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Brian Barnes
(brianjbarnes) - M

Locale: Midwest
MYOG Inverted Downdraft Woodgas Stove - My Attempt on 07/09/2008 20:32:22 MDT Print View

Here is my latest garage tinkering... This stuff is so much fun! It's similar to what others have posted here but I thought I'd detail the methods.

Specs:
Weight: Stove (5.4 ounces), Wire mesh pot support (0.9 ounces)

Burn details: Burns clean and leaves hardly any ash. Boil times and burn duration to be determined and posted at a later date.

Nests nicely in a Snow Peak 900 Titanium pot

Wire mesh pot support can be stored in between the pint and quart paint can when assembled.

Pictures:




Not sure if I'll use the beer can pot or my Snow Peak?



Here are the parts un-assembled:



Here is the stove sitting upright in a Snow Peak 900 Ti Pot:



This is a view of the bottom of the stove with the bottom of the quart can removed. The mesh pot stand can stored between these two cans:



Materials:
1 empty quart paint can from Home Depot
1 pint can (Minwax Pre Stain Wood Conditioner) emptied and cleaned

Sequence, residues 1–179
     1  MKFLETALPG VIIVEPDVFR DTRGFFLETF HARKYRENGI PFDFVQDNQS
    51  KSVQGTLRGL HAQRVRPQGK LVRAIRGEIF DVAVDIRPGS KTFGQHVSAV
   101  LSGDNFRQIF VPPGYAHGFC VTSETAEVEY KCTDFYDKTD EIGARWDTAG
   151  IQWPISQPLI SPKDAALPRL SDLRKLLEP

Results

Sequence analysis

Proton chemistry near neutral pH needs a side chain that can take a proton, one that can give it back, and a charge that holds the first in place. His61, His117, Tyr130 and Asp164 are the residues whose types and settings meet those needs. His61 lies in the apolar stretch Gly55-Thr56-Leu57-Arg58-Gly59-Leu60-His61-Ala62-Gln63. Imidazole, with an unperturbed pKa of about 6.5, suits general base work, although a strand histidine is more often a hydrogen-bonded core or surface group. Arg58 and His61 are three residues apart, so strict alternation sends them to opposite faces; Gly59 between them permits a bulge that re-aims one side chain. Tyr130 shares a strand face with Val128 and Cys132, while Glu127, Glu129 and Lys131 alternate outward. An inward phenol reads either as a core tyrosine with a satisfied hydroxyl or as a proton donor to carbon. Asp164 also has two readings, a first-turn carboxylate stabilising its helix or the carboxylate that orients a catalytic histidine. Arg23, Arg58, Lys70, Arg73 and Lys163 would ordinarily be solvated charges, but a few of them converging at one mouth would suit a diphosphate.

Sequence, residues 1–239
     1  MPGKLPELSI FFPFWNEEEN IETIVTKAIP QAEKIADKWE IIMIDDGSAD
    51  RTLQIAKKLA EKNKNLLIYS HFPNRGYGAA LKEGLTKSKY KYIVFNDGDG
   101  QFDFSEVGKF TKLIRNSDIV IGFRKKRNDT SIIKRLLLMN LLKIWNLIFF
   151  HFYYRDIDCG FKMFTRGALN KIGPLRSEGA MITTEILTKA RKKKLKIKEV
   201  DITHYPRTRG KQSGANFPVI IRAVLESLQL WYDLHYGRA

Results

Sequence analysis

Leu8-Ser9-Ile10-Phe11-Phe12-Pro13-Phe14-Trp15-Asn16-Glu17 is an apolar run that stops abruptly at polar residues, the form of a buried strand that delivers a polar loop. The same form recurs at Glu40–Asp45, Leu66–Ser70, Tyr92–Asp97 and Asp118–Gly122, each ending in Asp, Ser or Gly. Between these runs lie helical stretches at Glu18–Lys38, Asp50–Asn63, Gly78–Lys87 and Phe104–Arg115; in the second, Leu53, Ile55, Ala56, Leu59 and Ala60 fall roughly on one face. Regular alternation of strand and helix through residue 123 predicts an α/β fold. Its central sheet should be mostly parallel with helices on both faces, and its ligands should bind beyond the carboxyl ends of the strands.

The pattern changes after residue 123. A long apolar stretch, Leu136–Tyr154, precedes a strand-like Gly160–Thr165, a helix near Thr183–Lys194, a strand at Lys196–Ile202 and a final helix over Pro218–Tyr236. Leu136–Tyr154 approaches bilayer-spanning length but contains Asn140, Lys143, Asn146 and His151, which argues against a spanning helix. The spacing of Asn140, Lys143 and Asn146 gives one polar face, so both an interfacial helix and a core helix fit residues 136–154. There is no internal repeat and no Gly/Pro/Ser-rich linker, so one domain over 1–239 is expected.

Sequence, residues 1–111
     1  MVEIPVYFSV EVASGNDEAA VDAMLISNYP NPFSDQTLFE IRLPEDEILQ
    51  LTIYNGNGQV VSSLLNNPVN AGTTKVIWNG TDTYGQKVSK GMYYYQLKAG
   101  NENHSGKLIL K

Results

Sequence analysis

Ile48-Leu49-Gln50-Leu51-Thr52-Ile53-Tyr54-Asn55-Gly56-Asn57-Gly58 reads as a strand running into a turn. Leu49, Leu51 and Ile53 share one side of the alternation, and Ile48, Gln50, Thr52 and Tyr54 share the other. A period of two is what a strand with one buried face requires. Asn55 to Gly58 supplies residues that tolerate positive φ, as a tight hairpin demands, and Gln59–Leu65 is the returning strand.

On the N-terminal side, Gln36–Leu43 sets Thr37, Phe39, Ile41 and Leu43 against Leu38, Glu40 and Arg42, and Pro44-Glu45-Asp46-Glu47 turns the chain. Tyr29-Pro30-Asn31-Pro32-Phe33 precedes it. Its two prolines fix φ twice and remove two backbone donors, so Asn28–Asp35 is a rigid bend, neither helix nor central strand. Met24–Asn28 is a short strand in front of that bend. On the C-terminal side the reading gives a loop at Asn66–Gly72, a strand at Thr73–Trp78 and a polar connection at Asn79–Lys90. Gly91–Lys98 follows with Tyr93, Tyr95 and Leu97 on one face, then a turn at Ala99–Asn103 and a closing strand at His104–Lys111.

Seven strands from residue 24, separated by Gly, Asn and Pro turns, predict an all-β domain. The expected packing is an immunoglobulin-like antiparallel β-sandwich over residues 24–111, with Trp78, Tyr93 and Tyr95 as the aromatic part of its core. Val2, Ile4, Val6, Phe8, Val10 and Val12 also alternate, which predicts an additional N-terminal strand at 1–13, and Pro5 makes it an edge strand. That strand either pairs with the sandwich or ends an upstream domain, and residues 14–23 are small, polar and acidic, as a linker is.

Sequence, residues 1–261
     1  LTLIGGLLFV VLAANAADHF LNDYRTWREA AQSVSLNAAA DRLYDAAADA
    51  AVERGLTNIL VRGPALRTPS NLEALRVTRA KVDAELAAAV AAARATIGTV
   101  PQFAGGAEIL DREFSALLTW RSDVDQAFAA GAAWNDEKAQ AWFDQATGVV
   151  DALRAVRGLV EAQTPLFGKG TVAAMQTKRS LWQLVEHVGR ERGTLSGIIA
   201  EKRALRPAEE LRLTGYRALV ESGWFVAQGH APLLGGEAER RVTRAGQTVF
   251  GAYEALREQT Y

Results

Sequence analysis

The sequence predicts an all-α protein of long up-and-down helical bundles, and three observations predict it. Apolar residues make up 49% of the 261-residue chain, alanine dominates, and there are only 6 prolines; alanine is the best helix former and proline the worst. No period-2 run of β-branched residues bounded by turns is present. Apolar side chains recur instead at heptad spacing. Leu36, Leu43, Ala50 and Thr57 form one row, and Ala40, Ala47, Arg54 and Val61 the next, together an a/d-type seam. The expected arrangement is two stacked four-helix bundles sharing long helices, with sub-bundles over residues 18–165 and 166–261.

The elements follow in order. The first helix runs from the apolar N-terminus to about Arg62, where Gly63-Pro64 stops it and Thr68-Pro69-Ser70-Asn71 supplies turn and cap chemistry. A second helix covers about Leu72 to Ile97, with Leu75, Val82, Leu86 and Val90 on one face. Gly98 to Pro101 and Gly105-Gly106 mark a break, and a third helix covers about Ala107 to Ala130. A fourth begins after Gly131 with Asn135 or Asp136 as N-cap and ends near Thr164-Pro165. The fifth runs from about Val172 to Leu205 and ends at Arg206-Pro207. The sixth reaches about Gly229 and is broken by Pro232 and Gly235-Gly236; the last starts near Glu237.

3”x3” wire mesh
JB Weld

Tools:
Side cutting can opener (safety opener)
Harbor Freight deep throat metal punch ($20 item number 91510)
Wire cutter
File

Process: (assembly time ~ 1 hour)
1) Open lids (discard).

2) Using the can opener cut the bottom of both the quart and pint paint cans.

3) Using the punch (with a 7/16 inch hole size) evenly space 10 holes 1 and 1/8th inches apart (~7/8 inches from edge to edge of each hole) around the bottom of the quart sized can. The center of the punched hole should be ~ 1 and 1/2 inches from the bottom of the can.

4) Using the punch (with a 7/16 inch hole size) evenly space 15 holes 11/16 inches apart (~1/4 inch from edge to edge of each hole) near the top of the pint sized can. The center of the punched hole should be ~ 3/4 inches from the top of the can.

5) Apply a small ribbon of JB weld around the inside opening of the quart sized can. Invert the pint sized can and insert its bottom into the quart size can. The bottom of the pint size can should fit snugly into the inside opening of the quart sized can.

6) Cut wire mesh to internal diameter of the now upside down pint paint can. Affix with JB Weld to the now bottom inside of the stove.

7) Retain the bottom of the quart sized can and use while burning to protect ground from scorching.

Edited by brianjbarnes on 07/10/2008 08:00:45 MDT.

Sam Haraldson
(sharalds) - MLife

Locale: Gallatin Range
MYOG Inverted Downdraft Woodgas Stove - My Attempt on 07/09/2008 23:30:09 MDT Print View

Brian, this is a really nice looking stove you've put together. And not bad and the weight you've brought it in under as well. I'll be curious to hear some performance results as well. Thank you for sharing.

Brian Barnes
(brianjbarnes) - M

Locale: Midwest
RE: "MYOG Inverted Downdraft Woodgas Stove - My Attempt" on 07/10/2008 08:00:14 MDT Print View